Since March 2007 the Home Office has processed all asylum claims in the UK under the New Asylum Model (NAM), which was first laid out in the Home Office’s five-year immigration strategy, “Controlling our borders: Making migration work for Britain,” published in 2005. The stated aim of this strategy is to introduce a faster, more tightly managed asylum process, with an emphasis on greater control of the whereabouts of asylum seekers and rapid and increased numbers of removals from the UK. An important part of the NAM is the procedure known as Detained Fast Track (DFT).
As described in the summary, DFT is inherently unsuitable for assessing complex cases—and the cases of both men and women can be complex. Indeed, more men than women are referred into the procedure. However, this report focuses on the suitability of DFT for processing claims by women because claims that involve gender-related issues can be particularly complex, especially when they involve persecution by private individuals and the state’s failure to provide adequate protection, and assessing them fairly can involve significant practical challenges.
The Standard Asylum Procedure
A person may claim asylum in the UK either on arrival at the port of entry, or at the UK Border Agency (UKBA) office in Croydon. The first interview, known as the “screening interview,” aims to establish the identity of the asylum seeker, their route into the UK, liability to return to a third country (under the so-called “Dublin II Regulation”), whether or not they should be detained, and their suitability for the fast track procedure. The interview’s purpose is not to establish the potential validity of the claim, but to elicit basic information about the asylum seeker. At this stage the UKBA does not ask detailed questions about why an applicant claimant is seeking asylum.
If the applicant is routed through the standard procedure (exceptions, including persons routed into DFT, are discussed below), the UKBA will give them an appointment at a later date to return to the Home Office. The applicant is given the details of a Home Office official responsible for processing an application for asylum from the beginning to end, known as the case owner, and is not usually placed in detention at this stage.
On the appointed date, the case owner conducts a more elaborate “asylum interview” which addresses the reasons for claiming asylum. According to information given by UKBA to asylum-seekers, “The full interview is your only chance to tell us why you fear return to your country.” The case owner will give the applicant a list of legal representatives, but it is the responsibility of the asylum seeker to contact the legal representative and arrange for them to be at the interview. The legal representative has five days after the interview (which can be taped) to submit new evidence to the case owner.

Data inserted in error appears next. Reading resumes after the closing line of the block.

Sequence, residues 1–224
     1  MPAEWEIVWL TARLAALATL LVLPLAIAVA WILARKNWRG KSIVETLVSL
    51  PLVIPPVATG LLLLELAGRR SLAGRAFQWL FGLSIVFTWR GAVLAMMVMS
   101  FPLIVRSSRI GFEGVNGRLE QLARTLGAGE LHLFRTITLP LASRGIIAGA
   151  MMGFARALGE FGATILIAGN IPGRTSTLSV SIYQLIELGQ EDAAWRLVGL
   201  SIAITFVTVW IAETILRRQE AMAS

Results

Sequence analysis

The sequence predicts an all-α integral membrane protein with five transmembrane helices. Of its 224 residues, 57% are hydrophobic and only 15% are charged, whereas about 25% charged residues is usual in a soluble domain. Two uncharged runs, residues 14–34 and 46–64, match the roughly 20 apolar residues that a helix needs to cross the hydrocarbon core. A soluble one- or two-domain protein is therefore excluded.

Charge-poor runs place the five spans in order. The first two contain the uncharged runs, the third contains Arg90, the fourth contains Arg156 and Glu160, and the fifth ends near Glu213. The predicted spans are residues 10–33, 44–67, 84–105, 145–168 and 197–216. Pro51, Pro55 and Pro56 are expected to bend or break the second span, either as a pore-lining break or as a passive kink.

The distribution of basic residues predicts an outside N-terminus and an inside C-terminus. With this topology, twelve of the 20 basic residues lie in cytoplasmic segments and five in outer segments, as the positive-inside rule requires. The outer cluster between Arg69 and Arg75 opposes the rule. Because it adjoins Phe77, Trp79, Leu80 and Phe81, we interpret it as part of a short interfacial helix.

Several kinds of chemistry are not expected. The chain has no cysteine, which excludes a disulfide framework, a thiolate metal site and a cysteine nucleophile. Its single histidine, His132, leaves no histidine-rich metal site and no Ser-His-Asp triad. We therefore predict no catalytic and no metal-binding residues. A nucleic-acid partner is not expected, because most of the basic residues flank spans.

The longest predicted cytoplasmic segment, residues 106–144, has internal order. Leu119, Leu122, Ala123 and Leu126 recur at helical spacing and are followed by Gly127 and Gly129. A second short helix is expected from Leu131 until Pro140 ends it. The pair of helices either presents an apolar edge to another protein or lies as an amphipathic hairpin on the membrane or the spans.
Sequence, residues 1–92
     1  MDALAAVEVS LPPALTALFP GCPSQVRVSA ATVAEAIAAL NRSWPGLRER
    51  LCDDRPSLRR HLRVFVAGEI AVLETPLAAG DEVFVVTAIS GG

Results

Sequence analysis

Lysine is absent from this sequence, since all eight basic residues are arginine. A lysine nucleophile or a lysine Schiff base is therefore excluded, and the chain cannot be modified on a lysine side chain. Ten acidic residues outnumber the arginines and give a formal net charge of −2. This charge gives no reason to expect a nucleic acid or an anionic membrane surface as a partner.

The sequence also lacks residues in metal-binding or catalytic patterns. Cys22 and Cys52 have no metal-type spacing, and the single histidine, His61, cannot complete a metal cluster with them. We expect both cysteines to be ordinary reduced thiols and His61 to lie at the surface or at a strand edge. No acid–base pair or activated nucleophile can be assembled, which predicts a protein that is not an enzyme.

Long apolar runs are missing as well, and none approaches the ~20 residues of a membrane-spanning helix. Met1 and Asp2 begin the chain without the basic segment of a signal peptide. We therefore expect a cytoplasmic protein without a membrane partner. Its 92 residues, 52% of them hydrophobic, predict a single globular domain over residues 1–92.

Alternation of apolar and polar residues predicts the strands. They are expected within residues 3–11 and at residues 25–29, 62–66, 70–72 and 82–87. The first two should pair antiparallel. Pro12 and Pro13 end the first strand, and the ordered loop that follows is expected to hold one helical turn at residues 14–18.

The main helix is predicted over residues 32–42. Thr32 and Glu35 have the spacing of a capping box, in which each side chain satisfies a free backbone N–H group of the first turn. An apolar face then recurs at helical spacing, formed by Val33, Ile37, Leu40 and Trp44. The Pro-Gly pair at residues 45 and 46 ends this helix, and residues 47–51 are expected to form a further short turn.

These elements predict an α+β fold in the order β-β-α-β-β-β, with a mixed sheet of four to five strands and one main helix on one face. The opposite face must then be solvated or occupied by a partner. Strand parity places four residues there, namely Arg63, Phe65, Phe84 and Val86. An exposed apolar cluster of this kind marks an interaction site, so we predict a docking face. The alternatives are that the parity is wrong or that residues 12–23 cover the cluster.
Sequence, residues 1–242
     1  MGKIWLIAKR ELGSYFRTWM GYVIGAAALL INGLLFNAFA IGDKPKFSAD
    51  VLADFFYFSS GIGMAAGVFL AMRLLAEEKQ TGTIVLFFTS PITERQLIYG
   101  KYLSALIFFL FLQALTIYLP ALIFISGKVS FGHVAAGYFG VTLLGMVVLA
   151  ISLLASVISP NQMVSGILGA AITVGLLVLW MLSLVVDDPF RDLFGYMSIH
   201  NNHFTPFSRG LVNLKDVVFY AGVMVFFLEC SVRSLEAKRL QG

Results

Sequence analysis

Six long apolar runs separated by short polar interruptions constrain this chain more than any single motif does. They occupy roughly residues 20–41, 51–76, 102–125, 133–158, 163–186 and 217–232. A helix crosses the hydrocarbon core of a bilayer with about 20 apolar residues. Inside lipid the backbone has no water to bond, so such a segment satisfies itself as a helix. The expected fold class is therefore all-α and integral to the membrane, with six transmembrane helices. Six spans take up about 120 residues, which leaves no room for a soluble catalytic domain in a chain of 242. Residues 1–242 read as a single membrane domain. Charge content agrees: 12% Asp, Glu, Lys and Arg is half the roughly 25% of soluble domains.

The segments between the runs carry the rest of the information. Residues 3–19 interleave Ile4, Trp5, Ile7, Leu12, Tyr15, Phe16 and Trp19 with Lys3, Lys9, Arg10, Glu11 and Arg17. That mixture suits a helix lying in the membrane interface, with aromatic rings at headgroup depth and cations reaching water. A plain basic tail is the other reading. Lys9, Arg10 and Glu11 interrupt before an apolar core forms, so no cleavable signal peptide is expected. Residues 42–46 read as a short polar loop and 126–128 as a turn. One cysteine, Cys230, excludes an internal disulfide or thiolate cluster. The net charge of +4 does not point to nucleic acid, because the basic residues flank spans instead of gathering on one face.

To be recognized as a refugee in the UK, an applicant must prove that they meet the criteria laid down in the Convention relating to the Status of Refugees (the Refugee Convention), to which the UK is a party. A refugee is defined as someone who:
- Has a well-founded fear of persecution because of his or her race, religion, nationality, membership in a particular social group, or political opinion;
- Is outside his or her country of nationality;
- Is unable to avail himself or herself of the protection of his or her country of nationality or habitual residence, or to return there, for fear of persecution.
There are three possible outcomes of an asylum claim: the applicant may be recognized as a refugee and given five years limited leave to remain in the UK, they may be granted an alternative form of protection, or their claim may be refused.
If no Refugee Convention reason can be identified, UKBA decision makers or Asylum and Immigration Tribunal judges must consider whether the return of the applicant would breach her human rights, and if so consider subsidiary protection, either through humanitarian protection or “discretionary leave”. This is however, is explicitly “intended to be used sparingly.” To qualify for humanitarian protection, the applicant has to show that they meet the criteria laid down in the European Convention for the Protection of Human Rights and Fundamental Freedoms incorporated into UK domestic law through the 1998 Human Rights Act.
If a claim is refused, the applicant will receive a “refusal letter”, setting out the reasons for refusal. An applicant then has the right to appeal against the initial decision by the case owner within two weeks of receipt of the refusal letter and before the Asylum and Immigration Tribunal.
After refusal at appeal, the claimant can ask for a reconsideration hearing. An immigration judge will look at the case and grant reconsideration if the Tribunal may have made an error of law and there is a real possibility that the Tribunal would decide the appeal differently on reconsideration. If the immigration judge considers the above criteria are met, he will order a reconsideration of the case. This means a new judge decides whether in fact a material error of law was made, and if so, a fresh appeal has to take place.